Not to be outshone by their male peers, a small portion of the A-list was filled by Korea’s leading women lawyers including: Sae Youn Kim, a partner Yulchon, who previously served as a judge at various Korean district courts including the Seoul District Court, the Daejeon District Court, and the Suwon District Court; Liz Kyo-Hwa Chung, head of corporate, external and legal affairs at Microsoft Korea (formerly at Kim & Chang until November 2018) who has extensive experience representing both Korean and multinational corporations in international arbitration disputes; Hyun Joo Oh, partner at Lee & Ko, whose expertise is in the areas of securities, derivatives, and capital markets; Young Kim, a senior partner at Kim & Chang, who practices in all aspects of IP law and serves on ICANN’s Uniform Domain Name Dispute Resolution Committee of WIPO, the International Arbitration Forum (NAF), and Asian Domain Dispute Resolution Centre; and Yully Kang, partner at Jipyong whose main areas of practice include M&A, corporate & cross-border, and finance and securities.

Accolades aplenty

Simon Dokyung Lee, attorney of Pureum Law Office, has received praise from clients such as

Taekyoung Lee, manager of Korea Development Bank, who says: [Simon] has devoted years of providing legal assistance to foreigners living in Seoul. He specializes in criminal defence, immigration law, and family issues foreigners involved. He has saved many expats … with his service.”

Eun Young Sung, SCS specialist of the US Embassy in Seoul, says: “[Simon] is professional, willing to assist, and has a deep knowledge of both the Korean and US legal system.”

Similarly, Daniel Lee, country managing partner at DLA Piper in Korea, received admiration from his clients. Jaechan Kim, CIO of MDM in Korea, had this to say about the Korean A-list lawyer: “Daniel Lee is truly a trusted business advisor and provides steady guidance through all circumstances. He has exceptional understanding of the business context and is extremely experienced in dealing with corporate transactions.” Seung Yeob Ryou, CLO, senior vice president of Samsung Engineering, says, “[Daniel] is very much client friendly, a lawyer who is always listening to the voice and needs of the clients.”

Up and coming

Included in the A-list lawyers is also Korea’s young legal talent. Suakbuam Hong, senior associate at Yoon and Yang, is described by Edward Rimmington, managing director of Gogozing Migration in Australia as having “exceptional knowledge in the area of competition and consumer law.” Seje Lim, legal and compliance of LOTTE in Korea adds: “[Suakbuam] absolutely understands what clients need, and has comprehensive knowledge in competition and consumer law fields.”

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Esther Cho, executive director at Australia Korea Young Professionals Association in Australia, says “Suakbuam is an outstanding lawyer and a leading specialist in competition and consumer law at one of South Korea’s top law firms … He is currently playing a pivotal role in establishing market and business links between Australia and Korea as an extension to his completed [Masters] studies through networks such as the Australia Korea Young Professionals Association and Australia-Korea Business Council.”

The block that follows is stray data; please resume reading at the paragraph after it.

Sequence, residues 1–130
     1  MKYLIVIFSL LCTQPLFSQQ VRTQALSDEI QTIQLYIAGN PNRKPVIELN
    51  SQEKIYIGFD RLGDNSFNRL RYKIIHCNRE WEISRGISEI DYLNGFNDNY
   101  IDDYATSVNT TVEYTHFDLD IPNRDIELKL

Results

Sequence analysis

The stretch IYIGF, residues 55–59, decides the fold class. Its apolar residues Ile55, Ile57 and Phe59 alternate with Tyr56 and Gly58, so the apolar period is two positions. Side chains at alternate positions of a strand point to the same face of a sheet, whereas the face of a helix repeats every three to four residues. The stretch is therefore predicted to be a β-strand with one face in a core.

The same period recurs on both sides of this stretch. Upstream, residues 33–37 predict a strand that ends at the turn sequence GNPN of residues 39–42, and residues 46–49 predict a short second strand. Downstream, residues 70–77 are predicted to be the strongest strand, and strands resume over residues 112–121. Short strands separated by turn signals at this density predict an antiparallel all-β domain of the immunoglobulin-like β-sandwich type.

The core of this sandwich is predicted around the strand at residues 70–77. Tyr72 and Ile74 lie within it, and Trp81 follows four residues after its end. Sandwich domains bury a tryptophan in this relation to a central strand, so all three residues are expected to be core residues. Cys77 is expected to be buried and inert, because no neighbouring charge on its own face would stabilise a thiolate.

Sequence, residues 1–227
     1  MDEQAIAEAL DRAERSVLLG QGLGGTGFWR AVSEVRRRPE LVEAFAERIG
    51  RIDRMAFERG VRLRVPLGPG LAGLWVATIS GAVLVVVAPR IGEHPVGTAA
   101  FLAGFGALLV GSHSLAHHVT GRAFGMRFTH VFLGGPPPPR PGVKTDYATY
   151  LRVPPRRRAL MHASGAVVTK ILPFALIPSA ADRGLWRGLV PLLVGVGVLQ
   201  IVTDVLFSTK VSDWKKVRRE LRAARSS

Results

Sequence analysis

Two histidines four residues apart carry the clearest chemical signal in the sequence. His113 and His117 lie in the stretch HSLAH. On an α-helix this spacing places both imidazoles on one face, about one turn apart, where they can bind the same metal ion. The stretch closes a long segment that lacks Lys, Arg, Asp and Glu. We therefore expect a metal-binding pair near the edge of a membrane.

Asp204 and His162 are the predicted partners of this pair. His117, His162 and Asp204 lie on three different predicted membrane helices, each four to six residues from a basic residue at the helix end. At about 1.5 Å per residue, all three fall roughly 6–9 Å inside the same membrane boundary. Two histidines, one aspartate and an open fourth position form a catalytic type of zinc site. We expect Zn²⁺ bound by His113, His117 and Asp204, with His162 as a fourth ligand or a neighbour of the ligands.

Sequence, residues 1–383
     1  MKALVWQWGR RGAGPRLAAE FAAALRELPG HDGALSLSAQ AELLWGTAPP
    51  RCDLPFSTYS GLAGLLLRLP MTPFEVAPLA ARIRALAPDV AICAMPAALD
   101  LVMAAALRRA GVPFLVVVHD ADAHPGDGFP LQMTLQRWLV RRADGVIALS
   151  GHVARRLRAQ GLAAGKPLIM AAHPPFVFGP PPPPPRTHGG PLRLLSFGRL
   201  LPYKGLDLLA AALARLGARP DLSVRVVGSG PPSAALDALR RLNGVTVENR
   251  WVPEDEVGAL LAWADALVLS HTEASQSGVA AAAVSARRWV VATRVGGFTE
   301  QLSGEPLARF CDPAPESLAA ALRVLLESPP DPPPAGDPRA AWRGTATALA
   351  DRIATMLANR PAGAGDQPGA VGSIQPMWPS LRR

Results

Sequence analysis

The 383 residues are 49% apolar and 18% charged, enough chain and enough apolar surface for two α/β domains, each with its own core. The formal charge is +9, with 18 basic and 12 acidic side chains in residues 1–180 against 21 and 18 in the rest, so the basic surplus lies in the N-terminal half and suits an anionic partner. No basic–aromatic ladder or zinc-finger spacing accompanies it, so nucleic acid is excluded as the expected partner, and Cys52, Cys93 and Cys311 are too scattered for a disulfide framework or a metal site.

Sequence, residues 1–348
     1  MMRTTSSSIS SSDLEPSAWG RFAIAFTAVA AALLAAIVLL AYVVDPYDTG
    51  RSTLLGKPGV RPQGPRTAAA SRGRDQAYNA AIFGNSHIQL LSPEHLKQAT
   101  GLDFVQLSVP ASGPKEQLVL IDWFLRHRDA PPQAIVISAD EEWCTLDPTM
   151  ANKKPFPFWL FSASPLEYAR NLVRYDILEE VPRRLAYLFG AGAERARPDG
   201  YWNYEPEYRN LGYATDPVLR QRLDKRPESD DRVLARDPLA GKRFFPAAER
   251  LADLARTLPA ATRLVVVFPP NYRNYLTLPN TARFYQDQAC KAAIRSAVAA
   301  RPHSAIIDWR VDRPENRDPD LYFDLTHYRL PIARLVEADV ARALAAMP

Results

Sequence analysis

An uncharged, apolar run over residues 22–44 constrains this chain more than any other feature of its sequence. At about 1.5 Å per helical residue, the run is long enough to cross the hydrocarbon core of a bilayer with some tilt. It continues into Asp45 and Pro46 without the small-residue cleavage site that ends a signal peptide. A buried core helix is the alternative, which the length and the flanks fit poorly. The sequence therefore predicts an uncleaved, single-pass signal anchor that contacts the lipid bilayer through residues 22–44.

Satisfied clients such as these are what make a lawyer or foreign legal consultant/counsel/adviser one of Korea’s top 100.

Compiling the A-List

The A-List is based on extensive research conducted by Asia Business Law Journal. To identify the top 100 lawyers in Korea, we turned to thousands of in-house counsel in Korea and around the world–as well as partners at international law firms–and asked them to tell us which lawyers should make the cut. Nominations were made by professionals at a wide range of Korean and global companies, financial institutions and law firms, including: Australia Korea Business Council; Busan Iron Cast; Daewoo; FedEx; Herbert Smith Freehills; Hyundai E&C; Hyundai Motor Company; KB Insurance; Korea Development Bank; Korea Expressway Corporation; Korea Investment Corporation; Korea National Oil Corporation; LG International; LOTTE; POSCO; Samsung; Shinhan bank; Tesla; Bank of Korea; University of Melbourne; US Embassy, Seoul; and many more. The nominations process was backed up by thorough editorial research.

The final list reflects the nominations received combined with the Asia Business Law Journal editorial team’s more than 30 years of collective experience in documenting and analyzing Korea’s legal market. All Korean private-practice lawyers were automatically eligible for inclusion in the nominations process and, as always, there were no fees or any other requirements for entry.

The names and photographs of all 100 A-list lawyers are published here. In addition, each A-list lawyer was given the opportunity to include their biography and contact details, for which a publishing fee was charged.

It is important to note that while the compilation of the A-list was based solely on independent editorial research, the biographies and contact details that appear alongside many of the listings have been written by the participating lawyers and the content has not been independently verified by Asia Business Law Journal.